When applying for a job, always put “negotiable” when the application asks about your desired salary. Try to avoid talking about money and benefits until after they make you an offer.

A company is more likely to agree to a higher salary after they’ve decided that they want you for the job. This is due to a psychological tendency called “loss aversion”. If you bring up money before the offer is made, it could hurt your chances of even being considered if it’s higher than they expect to pay. 

When we remember our past selves, they seem quite different. We know how much our personalities and tastes have changed over the years. But when we look ahead, somehow we expect ourselves to stay the same, a team of psychologists said Thursday, describing research they conducted of people’s self-perceptions.

They called this phenomenon the “end of history illusion,” in which people tend to “underestimate how much they will change in the future.” According to their research, which involved more than 19,000 people ages 18 to 68, the illusion persists from teenage years into retirement.

Translation: For crying out loud, put a little money away for retirement. You may enjoy sleeping on a broken futon in an apartment that you share with 6 of your best friends now, but don’t assume that Future You will. Worst case scenario, Future You still enjoys living like a college student and has a bunch of money.

The M.I.N.I. Guide to Black Friday

Don’t participate.

It’s a hype tactic used by stores to get you in and make you spend more than you normally would. You’ll buy things you’d never purchase on a regular day simply because “you couldn’t pass up such a great deal!”

There’s a reason that 50” flat screen is only $250—it’s a piece of crap.

So there you go. Short and sweet. Enjoy those extra precious hours of sleep!

In a recent study by Saleforce’s social performance management division, Rypple, some startling revelations came to light. Recognition, for example, was one of the key factors that employees felt were lacking at their profession. Nearly 70% of employees said they would work harder if they were better recognized for their efforts.
planetmoney

newyorker:

The two-thousand-dollar Popsicle made a mockery of nearly every financial consideration of the summer: How much summer camp we could afford? Would we able to rent a place in the country for a week, or a weekend? What about Whole Foods? Two thousand dollars was exactly the sort of sum I was protecting.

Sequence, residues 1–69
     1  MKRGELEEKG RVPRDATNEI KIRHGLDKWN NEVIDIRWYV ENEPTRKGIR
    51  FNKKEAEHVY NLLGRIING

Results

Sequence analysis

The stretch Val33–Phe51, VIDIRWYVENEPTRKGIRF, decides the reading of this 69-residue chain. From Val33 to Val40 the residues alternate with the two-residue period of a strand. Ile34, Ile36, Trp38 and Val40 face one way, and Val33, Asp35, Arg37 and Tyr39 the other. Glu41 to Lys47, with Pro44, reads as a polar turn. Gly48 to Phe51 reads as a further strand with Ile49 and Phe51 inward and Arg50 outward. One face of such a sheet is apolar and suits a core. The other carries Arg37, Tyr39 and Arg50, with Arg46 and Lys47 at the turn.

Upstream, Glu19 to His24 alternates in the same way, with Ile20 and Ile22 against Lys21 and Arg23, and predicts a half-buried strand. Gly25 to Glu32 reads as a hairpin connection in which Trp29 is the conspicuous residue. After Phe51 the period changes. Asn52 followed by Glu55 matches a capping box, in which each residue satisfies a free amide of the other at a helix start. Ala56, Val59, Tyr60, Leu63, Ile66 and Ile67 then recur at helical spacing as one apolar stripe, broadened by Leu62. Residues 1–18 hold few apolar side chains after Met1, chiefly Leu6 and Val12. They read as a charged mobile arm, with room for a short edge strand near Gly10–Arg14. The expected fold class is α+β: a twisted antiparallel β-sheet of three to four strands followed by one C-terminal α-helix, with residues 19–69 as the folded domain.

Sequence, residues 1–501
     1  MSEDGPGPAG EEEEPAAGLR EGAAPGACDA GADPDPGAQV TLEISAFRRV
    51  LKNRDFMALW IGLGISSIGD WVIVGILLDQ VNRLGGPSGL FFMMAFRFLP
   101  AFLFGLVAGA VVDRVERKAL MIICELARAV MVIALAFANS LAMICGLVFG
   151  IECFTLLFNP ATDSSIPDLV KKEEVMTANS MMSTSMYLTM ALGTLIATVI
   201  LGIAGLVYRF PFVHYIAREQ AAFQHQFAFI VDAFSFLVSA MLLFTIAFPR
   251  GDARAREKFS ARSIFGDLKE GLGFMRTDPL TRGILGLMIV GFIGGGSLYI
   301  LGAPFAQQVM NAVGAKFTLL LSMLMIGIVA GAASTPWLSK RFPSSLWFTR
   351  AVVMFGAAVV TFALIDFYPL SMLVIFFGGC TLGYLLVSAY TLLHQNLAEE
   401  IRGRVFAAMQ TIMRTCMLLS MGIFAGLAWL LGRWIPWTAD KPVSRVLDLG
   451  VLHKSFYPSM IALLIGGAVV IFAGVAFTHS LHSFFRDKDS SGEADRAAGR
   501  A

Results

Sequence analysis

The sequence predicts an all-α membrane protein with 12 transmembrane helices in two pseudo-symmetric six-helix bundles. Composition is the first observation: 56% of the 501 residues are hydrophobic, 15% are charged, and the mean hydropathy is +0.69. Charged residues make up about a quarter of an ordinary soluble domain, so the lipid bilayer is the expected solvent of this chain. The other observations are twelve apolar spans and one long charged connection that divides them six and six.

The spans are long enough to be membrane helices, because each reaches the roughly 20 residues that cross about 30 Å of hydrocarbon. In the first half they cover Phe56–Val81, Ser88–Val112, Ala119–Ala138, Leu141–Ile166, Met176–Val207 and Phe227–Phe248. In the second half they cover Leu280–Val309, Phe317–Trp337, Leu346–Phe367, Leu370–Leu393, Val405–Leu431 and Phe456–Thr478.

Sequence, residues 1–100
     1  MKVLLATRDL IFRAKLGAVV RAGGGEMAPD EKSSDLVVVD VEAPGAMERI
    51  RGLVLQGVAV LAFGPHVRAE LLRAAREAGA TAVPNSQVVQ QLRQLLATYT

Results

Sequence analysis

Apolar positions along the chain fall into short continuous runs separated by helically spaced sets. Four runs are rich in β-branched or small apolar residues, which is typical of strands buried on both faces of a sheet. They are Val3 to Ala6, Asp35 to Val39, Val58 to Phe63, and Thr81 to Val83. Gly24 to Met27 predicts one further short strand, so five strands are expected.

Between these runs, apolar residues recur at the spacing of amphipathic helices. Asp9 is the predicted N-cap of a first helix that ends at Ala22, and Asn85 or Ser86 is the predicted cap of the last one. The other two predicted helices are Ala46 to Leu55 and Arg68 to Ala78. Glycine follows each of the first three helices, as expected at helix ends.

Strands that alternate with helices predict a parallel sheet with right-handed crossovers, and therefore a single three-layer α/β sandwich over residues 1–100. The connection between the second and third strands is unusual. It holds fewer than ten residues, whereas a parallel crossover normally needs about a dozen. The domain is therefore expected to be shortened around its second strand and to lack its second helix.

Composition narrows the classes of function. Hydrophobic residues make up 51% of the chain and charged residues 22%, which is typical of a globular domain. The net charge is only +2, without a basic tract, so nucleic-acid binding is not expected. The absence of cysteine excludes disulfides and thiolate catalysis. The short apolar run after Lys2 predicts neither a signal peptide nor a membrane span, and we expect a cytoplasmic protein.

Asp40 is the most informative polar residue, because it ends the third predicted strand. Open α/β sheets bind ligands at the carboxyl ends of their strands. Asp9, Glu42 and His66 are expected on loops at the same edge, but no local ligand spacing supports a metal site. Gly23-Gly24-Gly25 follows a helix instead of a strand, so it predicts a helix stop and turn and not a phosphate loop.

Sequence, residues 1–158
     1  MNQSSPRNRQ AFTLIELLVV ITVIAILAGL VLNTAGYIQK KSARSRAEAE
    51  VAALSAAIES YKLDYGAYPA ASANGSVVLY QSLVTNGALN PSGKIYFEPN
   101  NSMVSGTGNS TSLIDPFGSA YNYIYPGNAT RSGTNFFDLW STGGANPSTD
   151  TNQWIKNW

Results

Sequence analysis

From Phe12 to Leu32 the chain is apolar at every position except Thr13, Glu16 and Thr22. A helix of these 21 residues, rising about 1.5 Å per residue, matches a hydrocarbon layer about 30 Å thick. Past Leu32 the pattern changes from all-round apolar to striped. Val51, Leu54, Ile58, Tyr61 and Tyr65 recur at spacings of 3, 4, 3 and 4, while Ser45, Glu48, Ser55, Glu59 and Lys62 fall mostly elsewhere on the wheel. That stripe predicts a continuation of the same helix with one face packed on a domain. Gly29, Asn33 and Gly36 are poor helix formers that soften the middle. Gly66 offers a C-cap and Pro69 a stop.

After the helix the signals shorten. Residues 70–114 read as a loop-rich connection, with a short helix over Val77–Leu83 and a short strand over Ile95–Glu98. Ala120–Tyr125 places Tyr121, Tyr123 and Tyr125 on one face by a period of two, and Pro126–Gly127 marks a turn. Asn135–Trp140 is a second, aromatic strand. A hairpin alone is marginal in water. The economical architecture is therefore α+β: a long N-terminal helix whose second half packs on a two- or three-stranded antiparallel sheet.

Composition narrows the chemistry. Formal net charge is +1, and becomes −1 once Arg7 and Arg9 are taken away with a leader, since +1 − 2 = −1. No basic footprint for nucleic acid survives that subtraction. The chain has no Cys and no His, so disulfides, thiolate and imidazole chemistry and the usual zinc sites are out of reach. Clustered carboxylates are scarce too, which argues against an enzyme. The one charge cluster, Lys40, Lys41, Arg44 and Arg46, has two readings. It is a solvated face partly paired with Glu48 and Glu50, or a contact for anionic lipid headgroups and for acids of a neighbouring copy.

It’s amazing how losing a large sum of money can change your perspective of it. Instead of denying yourself the pleasure of spending it in order to save, you suddenly begin fixating on all of the things you could have bought with it.

This phenomenon can help, though. Use it to adopt a healthy spending mentality by imagining yourself in a situation where you lose a sizable amount of money. With the money theoretically gone, what’s the first thing you think about missing out on? It might be something practical, or it could be totally fun and useless. Either way, that thing/experience is what will most likely bring you the most happiness or relieve the most stress.

longreads
longreads:

[Not single-page] Does having more money make a person have less empathy?

Earlier this year, Piff, who is 30, published a paper in the Proceedings of the National Academy of Sciences that made him semi-famous. Titled ‘Higher Social Class Predicts Increased Unethical Behavior,’ it showed through quizzes, online games, questionnaires, in-lab manipulations, and field studies that living high on the socioeconomic ladder can, colloquially speaking, dehumanize people. It can make them less ethical, more selfish, more insular, and less compassionate than other people. It can make them more likely, as Piff demonstrated in one of his experiments, to take candy from a bowl of sweets designated for children. ‘While having money doesn’t necessarily make anybody anything,’ Piff says, ‘the rich are way more likely to prioritize their own self-interests above the interests of other people. It makes them more likely to exhibit characteristics that we would stereotypically associate with, say, assholes.’